Brian contends that we have missed a lot about Jesus.   The stories we find in the Bible have been the puzzle pieces from which we are taught about Jesus.   However, Brian contends that we have the wrong big picture which does not match the pieces.  He asks us to consider:  What if we’ve been puzzling over Jesus with the wrong lid on our puzzle box  -- the wrong picture?    The result is various images:  The Us vs Them Jesus, The Personal Enhancement Jesus, The Stained Glass Jesus, The Ticket to Heaven Jesus, The Institutional Jesus, …     In general, our ideas of Jesus are not wrong but partial.  

[Richard Rohr seemed to speak of this dilemma in his evening presentation.  He states that: We hurried and made everything a doctrine and never really dealt with many issues and positions.]

Consider the Evangelists. They also presented differing pictures as they added to the puzzle.   Mark was the proclaimer of the “good news”.    He described Jesus as ruler, Lord, Son of God, King of Kings, Lord of Lords, Head of the Body.  Luke’s gospel had a social justice flavor. Jesus says, “The Spirit of the Lord is upon me… He has sent me to proclaim liberty to captives and recovery of sight to the blind, to let the oppressed go free,   and to proclaim a year acceptable to the Lord."  (Lk 4: 18,19)   Luke describe Jesus as Christ , Messiah, and Savior.  Matthew portrayed Jesus as Leader.  Matthew uses images as Rabbi, Teacher, Good Shepherd, Last Adam. Finally, John shows Jesus as the Revealer and is the most contemplative.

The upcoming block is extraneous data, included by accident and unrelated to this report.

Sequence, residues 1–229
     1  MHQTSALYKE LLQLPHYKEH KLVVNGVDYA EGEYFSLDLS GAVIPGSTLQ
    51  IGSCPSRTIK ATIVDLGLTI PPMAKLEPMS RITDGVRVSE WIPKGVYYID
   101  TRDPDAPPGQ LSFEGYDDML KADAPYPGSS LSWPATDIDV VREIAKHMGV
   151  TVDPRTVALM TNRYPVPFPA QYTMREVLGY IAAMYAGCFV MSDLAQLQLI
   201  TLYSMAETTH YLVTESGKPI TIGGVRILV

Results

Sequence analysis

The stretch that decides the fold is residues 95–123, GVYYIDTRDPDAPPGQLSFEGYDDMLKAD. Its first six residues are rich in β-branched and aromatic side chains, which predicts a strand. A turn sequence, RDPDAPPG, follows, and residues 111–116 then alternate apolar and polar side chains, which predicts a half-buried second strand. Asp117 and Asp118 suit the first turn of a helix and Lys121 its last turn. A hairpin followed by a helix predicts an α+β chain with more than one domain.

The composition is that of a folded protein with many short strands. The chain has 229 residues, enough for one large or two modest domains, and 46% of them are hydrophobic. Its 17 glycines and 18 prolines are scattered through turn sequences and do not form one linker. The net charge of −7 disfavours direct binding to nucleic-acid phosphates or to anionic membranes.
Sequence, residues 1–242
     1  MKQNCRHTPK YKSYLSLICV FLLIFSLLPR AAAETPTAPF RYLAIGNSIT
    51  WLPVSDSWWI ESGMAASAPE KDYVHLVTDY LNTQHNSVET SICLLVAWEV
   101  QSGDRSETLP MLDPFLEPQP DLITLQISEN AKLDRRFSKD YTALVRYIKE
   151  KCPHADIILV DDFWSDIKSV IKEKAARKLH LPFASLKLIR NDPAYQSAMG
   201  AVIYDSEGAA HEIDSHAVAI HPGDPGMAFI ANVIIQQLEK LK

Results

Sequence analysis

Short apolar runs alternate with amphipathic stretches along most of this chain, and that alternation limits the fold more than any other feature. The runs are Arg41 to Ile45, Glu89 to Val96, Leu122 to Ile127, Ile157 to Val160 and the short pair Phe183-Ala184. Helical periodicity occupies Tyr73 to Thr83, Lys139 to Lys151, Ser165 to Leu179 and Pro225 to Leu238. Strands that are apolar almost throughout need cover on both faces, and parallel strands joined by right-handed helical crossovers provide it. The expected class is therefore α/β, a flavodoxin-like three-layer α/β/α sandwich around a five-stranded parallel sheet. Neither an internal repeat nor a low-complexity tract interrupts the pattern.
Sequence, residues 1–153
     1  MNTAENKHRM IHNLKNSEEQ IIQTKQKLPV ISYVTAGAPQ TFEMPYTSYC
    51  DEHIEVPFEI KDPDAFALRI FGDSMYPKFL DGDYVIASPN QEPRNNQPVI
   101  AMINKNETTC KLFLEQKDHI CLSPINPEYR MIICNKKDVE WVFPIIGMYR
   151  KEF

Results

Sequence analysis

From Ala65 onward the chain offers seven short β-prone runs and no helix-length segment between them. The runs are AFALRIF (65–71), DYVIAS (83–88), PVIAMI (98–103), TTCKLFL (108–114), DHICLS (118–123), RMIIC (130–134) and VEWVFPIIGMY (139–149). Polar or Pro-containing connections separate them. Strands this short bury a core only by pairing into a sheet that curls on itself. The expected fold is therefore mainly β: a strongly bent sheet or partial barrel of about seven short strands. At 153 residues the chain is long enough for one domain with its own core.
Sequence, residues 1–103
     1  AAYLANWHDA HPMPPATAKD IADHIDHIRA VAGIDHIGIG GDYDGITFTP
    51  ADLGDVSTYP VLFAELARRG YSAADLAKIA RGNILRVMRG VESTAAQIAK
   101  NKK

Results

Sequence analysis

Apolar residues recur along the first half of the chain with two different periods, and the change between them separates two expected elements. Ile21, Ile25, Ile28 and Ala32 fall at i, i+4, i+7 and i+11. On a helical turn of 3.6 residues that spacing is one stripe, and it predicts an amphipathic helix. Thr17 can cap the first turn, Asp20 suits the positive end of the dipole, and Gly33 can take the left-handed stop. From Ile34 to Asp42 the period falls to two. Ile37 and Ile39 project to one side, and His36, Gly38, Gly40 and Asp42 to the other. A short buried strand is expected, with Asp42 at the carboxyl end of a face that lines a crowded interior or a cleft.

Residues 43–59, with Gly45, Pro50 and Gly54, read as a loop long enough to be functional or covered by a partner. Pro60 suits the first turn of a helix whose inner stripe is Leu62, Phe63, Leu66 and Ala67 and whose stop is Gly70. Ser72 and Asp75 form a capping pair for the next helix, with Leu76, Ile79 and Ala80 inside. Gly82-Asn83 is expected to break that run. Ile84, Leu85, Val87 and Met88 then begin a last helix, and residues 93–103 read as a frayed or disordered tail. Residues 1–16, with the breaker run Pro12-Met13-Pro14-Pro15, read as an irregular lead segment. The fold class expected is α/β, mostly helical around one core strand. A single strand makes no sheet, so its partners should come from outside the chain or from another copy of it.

In recent years, Jesus studies have turned the light on many areas that have been overlooked.  
· The studies that put Jesus back in his native historical setting
· New insights into second-temple Judean Judaism.